Council drafts letter to OPSB


Greenfield wants solar farm to live up to its promises

By Angela Shepherd - For The Times-Gazette



Pictured at Tuesday’s Greenfield Village Council meeting are (l-r) council members Kyle Barr, Phil Clyburn, Amie Ernst and Brenda Losey. Council member Eric Borsini joined the meeting via video.

Pictured at Tuesday’s Greenfield Village Council meeting are (l-r) council members Kyle Barr, Phil Clyburn, Amie Ernst and Brenda Losey. Council member Eric Borsini joined the meeting via video.


Photo by Angela Shepherd

Greenfield council members voted at Tuesday’s meeting to send a letter of concern ahead of the Ohio Power Siting Board’s meeting on Aug. 12 to decide on a proposed solar farm in Ross County.

Representatives of National Grid Renewables, which is planning two solar farms near Greenfield, one in Fayette County and one in Ross County, attended a recent council meeting to address questions and concerns about the projects.

Some of the things they said they are voluntarily doing with their solar farms is planting native plants that thrive in indirect sunlight, planting vegetation screens, and using fencing that is more like what can be seen surrounding a pasture instead of chain link fencing seen around farms belonging to other companies.

Council’s letter, which will be completed by Greenfield Law Director Hannah Bivens and sent to the Ohio Power Siting Board, is to address the above concerns and that the company adheres to what it has said it will do.

Council chair Phil Clyburn noted that as a municipality, Greenfield has very little ability to do anything other than voice concern, but it is important that the village’s voice is heard. All council members agreed to the contents to be included in the letter for Bivens to draft. The only exception was council member Eric Borsini, who joined the meeting via video. As the Open Meetings Act modifications put into effect during the pandemic were only effective to July 1 of this year and have not been extended, Borsini was unable to vote on any matters that came before the council Tuesday.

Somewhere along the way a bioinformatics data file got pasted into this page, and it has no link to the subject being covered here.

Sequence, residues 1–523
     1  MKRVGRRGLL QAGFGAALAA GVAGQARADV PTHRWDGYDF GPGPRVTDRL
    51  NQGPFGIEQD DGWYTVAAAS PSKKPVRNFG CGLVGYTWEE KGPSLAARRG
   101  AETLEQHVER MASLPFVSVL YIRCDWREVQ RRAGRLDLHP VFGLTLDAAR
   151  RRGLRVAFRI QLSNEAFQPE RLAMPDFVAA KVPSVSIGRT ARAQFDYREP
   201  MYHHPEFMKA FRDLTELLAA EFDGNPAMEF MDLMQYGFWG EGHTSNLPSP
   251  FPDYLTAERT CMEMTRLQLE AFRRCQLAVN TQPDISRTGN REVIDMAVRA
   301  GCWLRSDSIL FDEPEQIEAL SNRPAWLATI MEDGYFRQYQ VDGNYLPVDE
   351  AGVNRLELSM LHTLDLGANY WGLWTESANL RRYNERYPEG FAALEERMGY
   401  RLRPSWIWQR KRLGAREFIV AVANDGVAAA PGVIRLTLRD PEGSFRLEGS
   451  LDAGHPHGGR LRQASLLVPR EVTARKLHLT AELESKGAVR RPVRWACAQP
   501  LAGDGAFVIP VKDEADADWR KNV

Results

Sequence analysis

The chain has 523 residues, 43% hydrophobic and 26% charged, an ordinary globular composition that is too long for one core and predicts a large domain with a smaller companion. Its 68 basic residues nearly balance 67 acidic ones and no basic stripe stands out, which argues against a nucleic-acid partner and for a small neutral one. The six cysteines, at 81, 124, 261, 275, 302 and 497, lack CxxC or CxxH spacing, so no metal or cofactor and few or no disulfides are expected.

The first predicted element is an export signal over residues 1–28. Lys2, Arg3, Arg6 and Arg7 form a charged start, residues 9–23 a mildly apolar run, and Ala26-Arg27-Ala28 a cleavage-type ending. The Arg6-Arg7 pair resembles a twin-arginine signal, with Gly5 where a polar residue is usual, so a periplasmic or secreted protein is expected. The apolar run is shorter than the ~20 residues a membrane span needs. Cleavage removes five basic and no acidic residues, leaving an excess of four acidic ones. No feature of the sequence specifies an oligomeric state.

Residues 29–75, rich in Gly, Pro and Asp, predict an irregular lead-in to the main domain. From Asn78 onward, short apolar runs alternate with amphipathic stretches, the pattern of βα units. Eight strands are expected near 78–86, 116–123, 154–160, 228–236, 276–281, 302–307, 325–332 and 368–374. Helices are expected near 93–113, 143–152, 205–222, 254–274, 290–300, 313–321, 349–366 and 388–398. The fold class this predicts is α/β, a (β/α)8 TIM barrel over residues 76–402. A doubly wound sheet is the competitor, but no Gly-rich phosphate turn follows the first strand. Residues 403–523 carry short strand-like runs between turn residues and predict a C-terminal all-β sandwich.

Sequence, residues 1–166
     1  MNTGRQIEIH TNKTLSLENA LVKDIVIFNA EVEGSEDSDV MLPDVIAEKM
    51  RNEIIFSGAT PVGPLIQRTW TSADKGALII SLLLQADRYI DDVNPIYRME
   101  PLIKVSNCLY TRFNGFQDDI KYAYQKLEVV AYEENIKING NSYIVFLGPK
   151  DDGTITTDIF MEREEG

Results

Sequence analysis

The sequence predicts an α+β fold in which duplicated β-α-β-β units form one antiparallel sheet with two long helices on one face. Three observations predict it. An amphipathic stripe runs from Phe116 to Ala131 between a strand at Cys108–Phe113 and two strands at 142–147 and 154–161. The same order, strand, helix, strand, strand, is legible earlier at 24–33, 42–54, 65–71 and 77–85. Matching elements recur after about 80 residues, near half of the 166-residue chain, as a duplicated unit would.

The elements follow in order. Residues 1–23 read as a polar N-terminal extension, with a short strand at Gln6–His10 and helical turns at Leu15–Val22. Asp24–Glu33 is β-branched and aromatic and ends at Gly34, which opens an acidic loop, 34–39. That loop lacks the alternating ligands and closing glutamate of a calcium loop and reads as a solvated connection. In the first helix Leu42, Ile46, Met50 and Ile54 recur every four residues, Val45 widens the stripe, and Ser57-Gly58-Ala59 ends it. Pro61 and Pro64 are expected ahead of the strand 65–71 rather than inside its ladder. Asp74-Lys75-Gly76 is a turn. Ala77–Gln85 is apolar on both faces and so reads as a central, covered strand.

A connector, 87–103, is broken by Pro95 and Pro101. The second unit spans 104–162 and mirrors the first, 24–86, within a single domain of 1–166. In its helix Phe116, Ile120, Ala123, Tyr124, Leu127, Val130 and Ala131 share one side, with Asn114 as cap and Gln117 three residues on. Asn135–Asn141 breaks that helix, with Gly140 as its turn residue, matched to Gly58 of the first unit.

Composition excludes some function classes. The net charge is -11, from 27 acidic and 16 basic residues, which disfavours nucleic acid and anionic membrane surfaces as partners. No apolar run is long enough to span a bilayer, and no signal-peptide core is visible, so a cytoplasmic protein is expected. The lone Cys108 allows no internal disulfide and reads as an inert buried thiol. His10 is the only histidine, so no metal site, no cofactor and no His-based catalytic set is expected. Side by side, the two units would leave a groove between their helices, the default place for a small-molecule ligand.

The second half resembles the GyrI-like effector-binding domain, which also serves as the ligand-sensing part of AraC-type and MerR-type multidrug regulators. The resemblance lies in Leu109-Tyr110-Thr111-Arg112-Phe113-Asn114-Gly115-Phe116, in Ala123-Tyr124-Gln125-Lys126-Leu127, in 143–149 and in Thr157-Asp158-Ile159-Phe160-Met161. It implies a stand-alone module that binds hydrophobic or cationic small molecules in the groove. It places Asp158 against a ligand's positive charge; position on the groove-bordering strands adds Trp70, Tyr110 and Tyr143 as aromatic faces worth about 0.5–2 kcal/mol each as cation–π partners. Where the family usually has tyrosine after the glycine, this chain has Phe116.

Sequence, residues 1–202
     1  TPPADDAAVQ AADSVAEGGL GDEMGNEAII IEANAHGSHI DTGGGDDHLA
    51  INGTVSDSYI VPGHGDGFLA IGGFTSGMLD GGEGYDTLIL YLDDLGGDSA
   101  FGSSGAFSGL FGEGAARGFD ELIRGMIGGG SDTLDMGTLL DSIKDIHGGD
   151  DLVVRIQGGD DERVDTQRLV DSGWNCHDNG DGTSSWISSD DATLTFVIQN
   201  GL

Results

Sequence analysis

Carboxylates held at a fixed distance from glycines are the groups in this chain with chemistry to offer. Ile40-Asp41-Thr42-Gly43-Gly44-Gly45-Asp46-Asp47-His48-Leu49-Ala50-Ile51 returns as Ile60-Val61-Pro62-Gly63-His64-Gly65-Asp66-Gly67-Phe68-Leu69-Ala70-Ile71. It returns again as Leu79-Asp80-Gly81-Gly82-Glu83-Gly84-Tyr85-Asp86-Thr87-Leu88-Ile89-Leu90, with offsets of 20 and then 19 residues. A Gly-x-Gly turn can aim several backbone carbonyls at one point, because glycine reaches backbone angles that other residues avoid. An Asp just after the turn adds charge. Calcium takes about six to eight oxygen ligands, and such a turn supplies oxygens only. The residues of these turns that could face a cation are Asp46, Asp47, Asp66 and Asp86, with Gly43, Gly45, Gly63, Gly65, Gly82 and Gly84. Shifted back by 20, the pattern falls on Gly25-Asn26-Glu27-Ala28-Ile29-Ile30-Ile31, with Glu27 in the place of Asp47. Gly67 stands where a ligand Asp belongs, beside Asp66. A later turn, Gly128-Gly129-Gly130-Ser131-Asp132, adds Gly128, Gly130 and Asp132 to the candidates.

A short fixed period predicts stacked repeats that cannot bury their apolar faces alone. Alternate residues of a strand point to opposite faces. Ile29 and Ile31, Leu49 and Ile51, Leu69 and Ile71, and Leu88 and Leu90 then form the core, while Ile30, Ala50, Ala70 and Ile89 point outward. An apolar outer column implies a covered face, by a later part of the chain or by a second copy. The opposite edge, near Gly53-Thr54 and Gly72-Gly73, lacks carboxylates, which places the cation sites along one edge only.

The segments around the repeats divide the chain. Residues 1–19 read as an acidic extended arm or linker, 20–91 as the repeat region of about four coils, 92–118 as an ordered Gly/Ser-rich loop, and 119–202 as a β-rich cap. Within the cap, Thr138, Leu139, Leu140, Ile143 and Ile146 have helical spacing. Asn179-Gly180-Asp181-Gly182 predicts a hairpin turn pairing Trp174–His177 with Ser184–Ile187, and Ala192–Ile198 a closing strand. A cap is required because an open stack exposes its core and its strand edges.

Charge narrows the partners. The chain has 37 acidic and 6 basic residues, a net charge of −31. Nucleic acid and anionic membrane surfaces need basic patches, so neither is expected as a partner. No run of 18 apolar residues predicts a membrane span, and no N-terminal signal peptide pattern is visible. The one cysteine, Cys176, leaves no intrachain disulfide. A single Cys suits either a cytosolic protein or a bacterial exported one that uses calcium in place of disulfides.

For more information regarding the project and how the public can participate, go to opsb.ohio.gov. The Ross County project can be found in the “Pending Cases” tab. Once that page opens, scroll down to the “Ross County Solar” tab.

Other things voted on, and approved, by council members at the meeting included legislation that will allow the Ohio Department of Transportation to complete road work on North Washington Street and S.R. 41 north. The improvements are expected to take place next summer.

Additionally, an addition to the zoning code regarding solar panels was received, but will go through two more readings before being voted on. This legislation has nothing to do with solar farms, but rather deals with village residents placing solar panels on their properties. This is something that wasn’t considered when drafting the zoning updates that were approved earlier this year, but the need to address it arose when residents were inquiring about putting solar panels on their homes.

In his report, finance director Gary Lewis presented July’s preliminary numbers. They are: month-to-date revenue, $577,529; month-to-date expenses, $456,144; year-to-date revenue, $ 3.31 million; year-to-date expenses, $2.90 million; and a general fund balance as of July 31 of $486,484.

Council member Brenda Losey asked why this year’s year-to-date expenses were nearly $470,000 more than the same month last year. Lewis said while that is due to a number of variables, it is likely because this time last year the village put a lot of spending on hold because of the financial insecurities due to the pandemic.

On another matter, council member Amie Ernst said the Mitchell Park Youth Sports League will offer football and cheerleading for the fall season. For information and to register, go to the league’s Facebook page. The group also has a wiffle ball tournament coming up on Aug. 14. Information can be found on the league’s Facebook page.

As a reminder, surveys are posted periodically on the village’s Facebook page to garner feedback from the public. Additionally, there is a suggestion box located in the first floor lobby of the City Building where residents can offer suggestions, ideas, complaints, etc., and it can be done anonymously if desired. Citizens may also communicate by phone, through email, or by messages through the village’s Facebook page.

Greenfield Village Council meets the first and third Tuesday of each month at 7:30 p.m. in the council chambers on the third floor of the City Building. The meetings are also livestreamed on the village’s Facebook page. For information and updates, go to greenfieldohio.net or the Village of Greenfield, Ohio Facebook page.

Angela Shepherd is a correspondent for the village of Greenfield.

Pictured at Tuesday’s Greenfield Village Council meeting are (l-r) council members Kyle Barr, Phil Clyburn, Amie Ernst and Brenda Losey. Council member Eric Borsini joined the meeting via video.
https://www.timesgazette.com/wp-content/uploads/sites/33/2021/08/web1_Greenfield-council-pic.jpgPictured at Tuesday’s Greenfield Village Council meeting are (l-r) council members Kyle Barr, Phil Clyburn, Amie Ernst and Brenda Losey. Council member Eric Borsini joined the meeting via video. Photo by Angela Shepherd
Greenfield wants solar farm to live up to its promises

By Angela Shepherd

For The Times-Gazette